The eclectic Raga system offers thousands of musical scales, each tied to specific melodies, moods, meditation, healing, devotion, sleep, and even specific hours of the day. A listener or a composer seeking new music could use RMMM to create it even with limited knowledge of Ragas. Eventually, we plan to publish pre-trained models specific to each raga, providing users with quick and easy usage for different applications including Raga music therapy. Performers could use RMMM for creating an instrumental track or a karaoke to add an innovative, AI-driven dimension to their live shows.
Weiet. et al., 2023. “A Multi-Scale Attentive Transformer for Multi-Instrument Symbolic Music Generation.” Journal of Artificial Intelligence Research.
Zhenget. et al., 2022. “EmotionBox: A Music-Element-Driven Emotional Music Generation System Based on Music Psychology.” Frontiers in Psychology.
Dong, Hao-Wen, Ke Chen, Shlomo Dubnov, Julian McAuley, and Taylor Berg-Kirkpatrick. 2023. “Multitrack Music Transformer.” In Proceedings of the IEEE International Conference on Acoustics, Speech and Signal Processing (ICASSP).
CompMusic. (n.d.). Dunya. Retrieved June 29, 2023, from https://dunya.compmusic.upf.edu
Ens, Jeff, and Philippe Pasquier. 2020. “MMM: Exploring Conditional Multi-Track Music Generation with the Transformer.” arXiv Preprint arXiv:2008.06048.
Indira, A. et al. 2018. “Effectiveness of Music Therapy on Academic Performance of Nursing Students.” International Journal of Academic Medicine.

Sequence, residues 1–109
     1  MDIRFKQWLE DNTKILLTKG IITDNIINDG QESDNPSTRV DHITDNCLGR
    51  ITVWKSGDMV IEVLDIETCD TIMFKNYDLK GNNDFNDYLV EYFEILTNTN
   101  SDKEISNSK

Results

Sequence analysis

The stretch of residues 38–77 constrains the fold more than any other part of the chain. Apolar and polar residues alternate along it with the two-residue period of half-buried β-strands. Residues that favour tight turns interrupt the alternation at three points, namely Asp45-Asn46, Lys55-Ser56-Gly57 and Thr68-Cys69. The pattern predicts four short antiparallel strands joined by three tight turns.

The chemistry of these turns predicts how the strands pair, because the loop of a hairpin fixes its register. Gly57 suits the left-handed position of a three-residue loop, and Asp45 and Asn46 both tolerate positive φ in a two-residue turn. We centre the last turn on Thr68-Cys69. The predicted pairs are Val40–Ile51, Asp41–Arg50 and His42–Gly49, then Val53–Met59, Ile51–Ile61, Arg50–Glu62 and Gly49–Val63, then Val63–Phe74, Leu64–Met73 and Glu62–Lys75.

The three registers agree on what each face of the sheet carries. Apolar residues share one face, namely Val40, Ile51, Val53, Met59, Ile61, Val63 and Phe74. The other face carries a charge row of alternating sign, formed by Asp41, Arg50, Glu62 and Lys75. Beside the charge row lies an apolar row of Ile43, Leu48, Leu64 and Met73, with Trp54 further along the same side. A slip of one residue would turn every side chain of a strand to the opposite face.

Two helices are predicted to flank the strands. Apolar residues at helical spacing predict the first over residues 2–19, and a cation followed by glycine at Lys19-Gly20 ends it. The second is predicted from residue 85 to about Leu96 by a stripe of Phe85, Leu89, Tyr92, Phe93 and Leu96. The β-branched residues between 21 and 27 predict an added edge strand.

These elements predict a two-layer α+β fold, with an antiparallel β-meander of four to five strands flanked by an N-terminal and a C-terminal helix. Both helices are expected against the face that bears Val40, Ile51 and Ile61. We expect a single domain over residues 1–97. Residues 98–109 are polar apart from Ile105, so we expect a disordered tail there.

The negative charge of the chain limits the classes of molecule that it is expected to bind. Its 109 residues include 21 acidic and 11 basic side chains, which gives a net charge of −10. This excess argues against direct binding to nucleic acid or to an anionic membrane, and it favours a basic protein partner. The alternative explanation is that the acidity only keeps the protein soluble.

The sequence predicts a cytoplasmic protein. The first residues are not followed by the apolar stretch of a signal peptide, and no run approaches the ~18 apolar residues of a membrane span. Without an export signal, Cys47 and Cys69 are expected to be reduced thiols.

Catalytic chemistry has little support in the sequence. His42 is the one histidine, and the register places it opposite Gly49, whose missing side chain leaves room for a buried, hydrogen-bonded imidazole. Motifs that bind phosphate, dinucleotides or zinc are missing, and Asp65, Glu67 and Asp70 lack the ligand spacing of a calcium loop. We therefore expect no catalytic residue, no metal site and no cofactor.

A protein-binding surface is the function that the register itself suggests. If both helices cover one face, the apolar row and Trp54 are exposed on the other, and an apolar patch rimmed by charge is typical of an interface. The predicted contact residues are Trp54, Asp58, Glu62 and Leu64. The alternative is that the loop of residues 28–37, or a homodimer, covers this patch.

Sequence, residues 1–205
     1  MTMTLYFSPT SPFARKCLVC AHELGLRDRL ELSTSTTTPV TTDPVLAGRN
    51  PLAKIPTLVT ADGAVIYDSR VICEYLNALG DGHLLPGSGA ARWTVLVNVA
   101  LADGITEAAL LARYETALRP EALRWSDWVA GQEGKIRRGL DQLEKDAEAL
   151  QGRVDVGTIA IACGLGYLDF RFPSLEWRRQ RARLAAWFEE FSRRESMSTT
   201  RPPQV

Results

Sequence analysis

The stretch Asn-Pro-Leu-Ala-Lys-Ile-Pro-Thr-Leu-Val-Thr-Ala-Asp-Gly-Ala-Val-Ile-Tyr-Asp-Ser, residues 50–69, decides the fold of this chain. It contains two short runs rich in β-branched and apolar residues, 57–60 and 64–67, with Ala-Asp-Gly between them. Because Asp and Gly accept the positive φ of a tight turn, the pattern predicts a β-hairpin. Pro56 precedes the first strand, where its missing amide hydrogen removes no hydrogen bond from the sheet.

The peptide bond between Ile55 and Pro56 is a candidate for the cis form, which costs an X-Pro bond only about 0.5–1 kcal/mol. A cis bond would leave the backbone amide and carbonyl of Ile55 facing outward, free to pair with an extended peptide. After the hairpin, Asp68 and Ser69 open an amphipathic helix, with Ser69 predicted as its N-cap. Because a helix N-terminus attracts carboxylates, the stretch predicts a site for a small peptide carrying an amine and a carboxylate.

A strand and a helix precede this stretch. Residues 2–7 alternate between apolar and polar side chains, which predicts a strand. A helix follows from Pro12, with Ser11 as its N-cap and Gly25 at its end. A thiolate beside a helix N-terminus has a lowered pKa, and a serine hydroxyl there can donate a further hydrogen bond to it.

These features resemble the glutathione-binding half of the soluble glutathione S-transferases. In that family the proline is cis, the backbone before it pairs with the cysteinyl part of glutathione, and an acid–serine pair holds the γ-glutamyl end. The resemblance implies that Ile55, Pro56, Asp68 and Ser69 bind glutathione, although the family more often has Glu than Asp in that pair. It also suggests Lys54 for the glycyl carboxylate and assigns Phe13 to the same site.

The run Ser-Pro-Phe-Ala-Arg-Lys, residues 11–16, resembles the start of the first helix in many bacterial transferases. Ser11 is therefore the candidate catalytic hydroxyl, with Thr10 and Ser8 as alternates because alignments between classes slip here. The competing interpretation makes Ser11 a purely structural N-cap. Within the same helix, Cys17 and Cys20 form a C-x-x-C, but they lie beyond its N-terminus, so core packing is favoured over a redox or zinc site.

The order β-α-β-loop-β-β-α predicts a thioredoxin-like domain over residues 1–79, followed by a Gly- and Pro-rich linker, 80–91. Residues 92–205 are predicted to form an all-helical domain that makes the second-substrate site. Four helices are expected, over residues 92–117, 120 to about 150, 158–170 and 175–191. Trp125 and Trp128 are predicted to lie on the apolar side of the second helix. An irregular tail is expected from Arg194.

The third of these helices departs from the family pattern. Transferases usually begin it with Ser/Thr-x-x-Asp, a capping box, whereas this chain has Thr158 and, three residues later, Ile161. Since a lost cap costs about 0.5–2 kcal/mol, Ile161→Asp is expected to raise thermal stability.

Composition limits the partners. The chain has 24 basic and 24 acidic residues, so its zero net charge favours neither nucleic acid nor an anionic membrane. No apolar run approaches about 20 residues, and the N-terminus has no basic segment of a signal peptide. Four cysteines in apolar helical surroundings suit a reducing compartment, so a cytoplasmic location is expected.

Sarkar, J., and U. Biswas. 2015. “Indian Classical Ragas to Cure Diseases.” Int. J. Adv. Sci. Res 1 (1): 9–13.
Simon, Ian, and Sageev Oore. 2017. “Performance RNN: Generating Music with Expressive Timing and Dynamics.” Magenta Blog. https://magenta.tensorflow.org/performance-rnn.
Skillshare. 2023. https://www.skillshare.com/en/blog/how-to-compose-music-a-step-by-step-guide/ \newline (accessed:06.27.2023).
Tchemeube, R., Jeffrey John Ens, and P. Pasquier. 2022. “Calliope: A Co-Creative Interface for Multi-Track Music Generation.” In Proceedings of the 2022 ACM SIGCHI Conference on Creativity and Cognition. ACM.
Travis, F., P. Morehead, and N. Parim. 2023. “Effects of Gandharva Veda Music on Mood States, Health, and Brain Functioning.” International Journal of Psychological Studies.
Velarado, Valerio. 2020. “Generating Melodies with RNN LSTM.” GitHub Repository. https://github.com/musikalkemist; GitHub.
Xu, Yurui. 2023. “Music Generator Applying Markov Chain and Lagrange Interpolation.” HSET. https://doi.org/10.54097/hset.v39i.6538.
 Digital Audio Workstation
 Recurrent Neural Network
 The Generated music tracks are available at: https://github.com/datasci888/AIMusic
 Microtonal Adjustment: This feature enables the usage of microtones (shrutis) in compositions, fostering greater authenticity and nuance.